Barry ZeVan

Continuously in the professional broadcasting and entertainment industry since age 5, Barry is a Telly Award-winning and three-time Emmy-nominated producer, writer, director, talent and production designer, locally, nationally and internationally. He garnered the highest local ratings in U.S. television broadcasting history as “Barry ZeVan, The Weatherman” in Minneapolis-St. Paul in the mid-1970s. In fall 2013, he was inducted into the Minnesota Broadcasting Hall of Fame.

Julian Goodman: A television icon, and also the name of Chet Huntley's horse

Posted by: Barry ZeVan Updated: July 2, 2012 - 8:02 PM

When Chet Huntley decided to retire from NBC-TV's Huntley-Brinkley Report, one of television's most respected nightly network newscasts, the network gave him a horse as a retirement gift. Chet was born in Cardwell, Montana, and his retirement was to be at Big Sky, not far from his birthplace, thus the fitting parting gift from NBC-TV. The horse was named Julian Goodman, since the horse's namesake and former NBC-TV president, created the Huntley-Brinkley Report, network television's first dual-anchor newscast. Obviously, the horse's naming was tongue-in-cheek, but also reminded Chet and his wife Tippi (nee Tipton Stringer) who was responsible for Chet's biggest break in his chosen career.

I had the honor and privilege to have Chet's friendship, starting with helping him promote Montana's Big Sky Resort, just south of Bozeman  (via KSTP-TV's SKI SCENE, of which I was the host for four years). Chet was part owner of, and spokesperson for, the resort, which was then majority-owned and developed by The Chrysler Corporation. (Sadly, Chet died just three days before the resort opened in March, 1973.) Chet once told me he had "a modest flair for writing", thus coupled his journalism courses with newswriting for the Salt Lake City Tribune, his first professional news job.

Chet was as unaffected and genuine as anyone in the news business could ever be. During the fledgling days of the Huntley-Brinkley Report, NBC-TV had introduced "compatible" color television and employed a few people to model in front of the color cameras so the engineers could adjust their equpment to make the color look "perfect". One of the models in New York was the aforementioned Tipton "Tippi" Stringer. One afternoon, prior to one of the Huntley-Brinkley newscasts, Chet (based in D.C.) saw Tippi modeling and asked David (Brinkley) (based in New York) who she was. Chet was single at the time. David told Chet her name, and he subsequenrly introduced them both after Chet expressed a wish to meet her. They eventually got married and the rest, as is said, was history. Tippi was delightful and had a firecracker personality. The antithesis of Chet's mostly gentile personna, they compelemted each other well, as Chet also had a great sense of humor. About a year after Chet passed, Tippi had me visit their home on the side of a hill facing Lone Mountain at Big Sky. She invited me to sit at Chet's old roll-top desk while we were chatting. I truly felt uncomfortable sitting at what I considered a broadcasting "shrine", but remained in his chair and at his desk for at least an hour, simply reminiscong about what the news business wasm and what it had become.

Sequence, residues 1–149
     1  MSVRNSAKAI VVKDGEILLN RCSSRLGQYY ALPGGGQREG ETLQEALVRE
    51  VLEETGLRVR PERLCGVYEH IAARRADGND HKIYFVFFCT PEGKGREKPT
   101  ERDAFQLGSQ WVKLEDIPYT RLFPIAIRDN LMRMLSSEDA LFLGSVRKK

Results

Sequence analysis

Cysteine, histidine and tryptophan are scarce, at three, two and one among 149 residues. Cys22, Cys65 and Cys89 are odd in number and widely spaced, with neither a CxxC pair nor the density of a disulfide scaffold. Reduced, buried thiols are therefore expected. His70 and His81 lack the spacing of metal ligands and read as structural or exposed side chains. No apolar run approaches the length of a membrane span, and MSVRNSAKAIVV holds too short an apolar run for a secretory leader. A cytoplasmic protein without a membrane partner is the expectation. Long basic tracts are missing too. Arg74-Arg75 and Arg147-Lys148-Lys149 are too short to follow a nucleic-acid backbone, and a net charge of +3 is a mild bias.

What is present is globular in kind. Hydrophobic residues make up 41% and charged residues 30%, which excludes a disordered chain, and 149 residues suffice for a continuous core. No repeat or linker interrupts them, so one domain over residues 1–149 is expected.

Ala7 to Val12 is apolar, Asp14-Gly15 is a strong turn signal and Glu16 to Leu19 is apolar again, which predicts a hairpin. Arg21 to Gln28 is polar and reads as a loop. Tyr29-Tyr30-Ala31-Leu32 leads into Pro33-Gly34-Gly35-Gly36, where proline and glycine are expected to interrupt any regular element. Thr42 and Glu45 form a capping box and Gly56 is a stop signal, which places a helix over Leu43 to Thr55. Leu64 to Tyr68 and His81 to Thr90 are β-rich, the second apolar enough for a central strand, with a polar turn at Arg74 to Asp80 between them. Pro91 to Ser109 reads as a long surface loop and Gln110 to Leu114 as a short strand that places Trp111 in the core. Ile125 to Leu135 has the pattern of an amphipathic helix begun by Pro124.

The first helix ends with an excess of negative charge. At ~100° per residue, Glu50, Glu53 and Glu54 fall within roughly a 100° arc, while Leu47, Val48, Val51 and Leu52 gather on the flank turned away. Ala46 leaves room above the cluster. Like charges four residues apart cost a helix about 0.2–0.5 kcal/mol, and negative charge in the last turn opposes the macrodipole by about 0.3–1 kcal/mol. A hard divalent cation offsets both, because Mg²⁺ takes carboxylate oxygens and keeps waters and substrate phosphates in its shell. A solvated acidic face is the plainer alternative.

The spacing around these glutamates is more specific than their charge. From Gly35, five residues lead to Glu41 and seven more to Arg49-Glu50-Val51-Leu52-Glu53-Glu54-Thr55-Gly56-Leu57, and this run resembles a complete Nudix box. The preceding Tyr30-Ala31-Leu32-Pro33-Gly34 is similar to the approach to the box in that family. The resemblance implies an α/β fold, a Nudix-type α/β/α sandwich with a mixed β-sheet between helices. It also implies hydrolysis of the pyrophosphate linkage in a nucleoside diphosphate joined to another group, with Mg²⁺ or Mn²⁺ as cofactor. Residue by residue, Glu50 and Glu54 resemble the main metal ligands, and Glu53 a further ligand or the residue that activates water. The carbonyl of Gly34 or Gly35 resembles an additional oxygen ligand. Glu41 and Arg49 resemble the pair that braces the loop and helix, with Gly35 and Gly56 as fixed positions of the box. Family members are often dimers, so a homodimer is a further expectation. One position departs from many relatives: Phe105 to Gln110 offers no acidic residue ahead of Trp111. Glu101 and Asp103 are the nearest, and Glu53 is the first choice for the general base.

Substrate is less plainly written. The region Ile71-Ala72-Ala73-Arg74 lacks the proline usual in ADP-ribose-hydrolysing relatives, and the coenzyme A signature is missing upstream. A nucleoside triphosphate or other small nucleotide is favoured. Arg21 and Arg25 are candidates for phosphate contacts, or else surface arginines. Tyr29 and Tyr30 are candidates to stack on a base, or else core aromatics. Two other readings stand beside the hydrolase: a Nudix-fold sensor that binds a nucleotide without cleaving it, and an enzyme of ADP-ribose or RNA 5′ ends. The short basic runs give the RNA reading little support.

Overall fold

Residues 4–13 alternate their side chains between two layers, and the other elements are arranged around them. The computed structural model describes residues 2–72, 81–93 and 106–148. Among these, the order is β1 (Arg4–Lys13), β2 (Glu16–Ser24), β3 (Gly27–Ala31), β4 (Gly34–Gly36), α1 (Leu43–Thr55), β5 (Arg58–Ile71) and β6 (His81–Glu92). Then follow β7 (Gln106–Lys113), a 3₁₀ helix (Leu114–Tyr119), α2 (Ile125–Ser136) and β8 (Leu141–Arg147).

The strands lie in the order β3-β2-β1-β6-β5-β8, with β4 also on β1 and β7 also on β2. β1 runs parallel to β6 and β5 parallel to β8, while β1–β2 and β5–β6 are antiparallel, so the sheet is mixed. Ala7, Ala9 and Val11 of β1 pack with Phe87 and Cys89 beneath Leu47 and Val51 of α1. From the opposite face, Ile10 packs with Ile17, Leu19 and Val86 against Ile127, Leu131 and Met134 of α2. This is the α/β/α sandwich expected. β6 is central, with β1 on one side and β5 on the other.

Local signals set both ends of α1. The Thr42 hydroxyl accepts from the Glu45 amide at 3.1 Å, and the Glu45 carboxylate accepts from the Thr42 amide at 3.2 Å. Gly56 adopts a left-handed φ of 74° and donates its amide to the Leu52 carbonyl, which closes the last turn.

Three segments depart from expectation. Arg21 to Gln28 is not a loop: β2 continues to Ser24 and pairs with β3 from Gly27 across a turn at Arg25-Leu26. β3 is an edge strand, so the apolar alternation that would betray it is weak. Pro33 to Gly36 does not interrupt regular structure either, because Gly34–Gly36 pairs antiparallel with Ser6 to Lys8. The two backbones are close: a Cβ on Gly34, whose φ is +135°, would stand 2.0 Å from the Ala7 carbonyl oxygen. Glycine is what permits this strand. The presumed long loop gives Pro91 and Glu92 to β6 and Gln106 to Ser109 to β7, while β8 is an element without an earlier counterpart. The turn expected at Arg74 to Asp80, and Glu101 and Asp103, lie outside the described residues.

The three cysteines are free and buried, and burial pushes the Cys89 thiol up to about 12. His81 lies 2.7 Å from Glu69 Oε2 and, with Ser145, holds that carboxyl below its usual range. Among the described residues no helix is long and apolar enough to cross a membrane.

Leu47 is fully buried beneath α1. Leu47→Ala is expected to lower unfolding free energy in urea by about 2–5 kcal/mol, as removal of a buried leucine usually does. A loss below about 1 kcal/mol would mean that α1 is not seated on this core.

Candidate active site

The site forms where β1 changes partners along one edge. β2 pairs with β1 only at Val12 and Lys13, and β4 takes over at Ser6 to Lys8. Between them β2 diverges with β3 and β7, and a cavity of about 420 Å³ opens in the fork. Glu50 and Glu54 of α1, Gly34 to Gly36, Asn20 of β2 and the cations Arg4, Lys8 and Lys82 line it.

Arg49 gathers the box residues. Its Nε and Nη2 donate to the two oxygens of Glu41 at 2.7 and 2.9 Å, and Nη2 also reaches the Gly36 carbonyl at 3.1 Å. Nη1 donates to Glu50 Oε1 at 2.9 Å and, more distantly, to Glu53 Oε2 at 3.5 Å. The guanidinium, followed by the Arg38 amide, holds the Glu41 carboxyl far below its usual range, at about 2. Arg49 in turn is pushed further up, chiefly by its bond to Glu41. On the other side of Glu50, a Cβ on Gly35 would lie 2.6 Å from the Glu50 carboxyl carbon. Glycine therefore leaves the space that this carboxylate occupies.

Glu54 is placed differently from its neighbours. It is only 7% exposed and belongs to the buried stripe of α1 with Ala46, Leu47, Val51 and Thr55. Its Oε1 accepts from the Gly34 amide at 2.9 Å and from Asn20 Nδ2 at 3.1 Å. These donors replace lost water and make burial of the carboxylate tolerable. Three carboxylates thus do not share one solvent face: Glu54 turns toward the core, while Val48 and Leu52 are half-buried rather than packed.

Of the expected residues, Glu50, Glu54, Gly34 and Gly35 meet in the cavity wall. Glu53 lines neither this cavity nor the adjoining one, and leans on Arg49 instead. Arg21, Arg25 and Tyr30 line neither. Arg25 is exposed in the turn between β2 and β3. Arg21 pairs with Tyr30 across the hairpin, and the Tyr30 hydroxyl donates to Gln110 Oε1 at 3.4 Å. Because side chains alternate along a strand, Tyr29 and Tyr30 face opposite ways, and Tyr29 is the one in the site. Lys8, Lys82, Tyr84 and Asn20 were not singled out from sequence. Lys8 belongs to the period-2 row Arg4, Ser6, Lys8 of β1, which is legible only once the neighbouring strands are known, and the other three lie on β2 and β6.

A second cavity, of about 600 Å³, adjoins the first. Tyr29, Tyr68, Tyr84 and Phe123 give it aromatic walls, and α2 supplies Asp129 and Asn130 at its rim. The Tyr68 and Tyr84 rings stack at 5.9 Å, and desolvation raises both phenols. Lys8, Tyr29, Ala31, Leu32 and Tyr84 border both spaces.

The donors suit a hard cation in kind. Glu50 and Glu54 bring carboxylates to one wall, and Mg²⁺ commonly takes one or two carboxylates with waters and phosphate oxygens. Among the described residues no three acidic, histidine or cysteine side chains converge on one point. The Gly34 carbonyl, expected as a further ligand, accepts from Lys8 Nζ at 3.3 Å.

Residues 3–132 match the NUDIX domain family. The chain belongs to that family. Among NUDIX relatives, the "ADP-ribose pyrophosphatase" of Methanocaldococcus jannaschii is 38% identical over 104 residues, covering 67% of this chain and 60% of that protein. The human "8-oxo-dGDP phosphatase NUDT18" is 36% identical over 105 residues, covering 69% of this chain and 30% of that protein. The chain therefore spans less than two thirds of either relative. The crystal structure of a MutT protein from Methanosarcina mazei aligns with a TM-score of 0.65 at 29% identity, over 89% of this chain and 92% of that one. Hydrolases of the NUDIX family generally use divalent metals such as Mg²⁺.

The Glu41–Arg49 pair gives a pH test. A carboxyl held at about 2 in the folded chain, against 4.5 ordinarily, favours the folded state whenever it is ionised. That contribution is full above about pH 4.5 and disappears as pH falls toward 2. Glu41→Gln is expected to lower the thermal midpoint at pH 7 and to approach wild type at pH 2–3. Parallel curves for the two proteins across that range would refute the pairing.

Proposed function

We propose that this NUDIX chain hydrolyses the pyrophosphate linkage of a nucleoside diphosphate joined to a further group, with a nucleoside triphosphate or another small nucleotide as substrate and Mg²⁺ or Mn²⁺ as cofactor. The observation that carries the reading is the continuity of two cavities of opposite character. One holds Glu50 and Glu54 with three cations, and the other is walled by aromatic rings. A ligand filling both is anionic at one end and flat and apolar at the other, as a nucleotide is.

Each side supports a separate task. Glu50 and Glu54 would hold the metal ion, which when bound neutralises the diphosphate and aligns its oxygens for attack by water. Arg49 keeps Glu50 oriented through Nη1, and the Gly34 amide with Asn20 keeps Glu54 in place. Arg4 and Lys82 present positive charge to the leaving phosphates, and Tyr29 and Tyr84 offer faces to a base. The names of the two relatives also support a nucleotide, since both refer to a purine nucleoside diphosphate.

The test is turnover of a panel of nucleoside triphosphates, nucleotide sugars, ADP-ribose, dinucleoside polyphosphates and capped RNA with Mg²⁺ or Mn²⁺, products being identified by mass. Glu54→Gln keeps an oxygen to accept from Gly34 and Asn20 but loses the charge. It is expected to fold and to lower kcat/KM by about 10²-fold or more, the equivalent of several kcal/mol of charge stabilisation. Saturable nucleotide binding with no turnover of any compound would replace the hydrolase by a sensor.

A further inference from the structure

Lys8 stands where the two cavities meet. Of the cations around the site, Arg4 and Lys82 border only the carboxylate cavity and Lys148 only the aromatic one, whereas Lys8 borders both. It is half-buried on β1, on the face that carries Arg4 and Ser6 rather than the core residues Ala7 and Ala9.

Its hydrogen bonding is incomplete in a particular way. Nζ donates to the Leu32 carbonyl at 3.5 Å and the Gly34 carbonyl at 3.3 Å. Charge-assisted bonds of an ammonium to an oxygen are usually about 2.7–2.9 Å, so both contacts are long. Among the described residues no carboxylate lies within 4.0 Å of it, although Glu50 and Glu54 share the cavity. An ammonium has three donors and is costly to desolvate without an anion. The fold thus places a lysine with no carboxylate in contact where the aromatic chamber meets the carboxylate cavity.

Julian Goodman (the man, not the horse) had vision and foresight regarding quality and dignity germane to news programming and those who were hired.

While paying homage to Mr. Goodman, it would be remiss to not mention another giant and icon under the NBC-TV leadership umbrella. That giant and icon was Sigourney Weaver's father, Sylvester "Pat" Weaver, who created THE TODAY SHOW and THE TONIGHT SHOW, to name just two. He was my "boss" during my teenaged "Mister Peepers" and "The Perry Como Show" acting and singing years, and when he spoke, everyone listened, wisely-so.

Mr. Weaver and Mr. Goodman were icons who shaped a generation of dignified broadcasting, and who stated, during interviews before their deaths, they were saddened and disappointed to accept what television had become, for the most part, from news to entertainment.

Thank goodness, in my opinion, for TVLand and MeTV offering daily reruns of the wholesome quality with which many of us lived in the 1950s and 60s. I'm personally happy younger viewers, especially, at least have a chance to see what we experienced as our prime time TV fare and why some of us who experienced those days are often turned off by what we turn on these days.

Thanks for taking the time to read these blogs and for hopefully tuning in to my A SENIOR MOMENT webcasts at www.startribune.com/video where the subject changes every Monday, as does my choice of Uncle Scrooge comic books.

 

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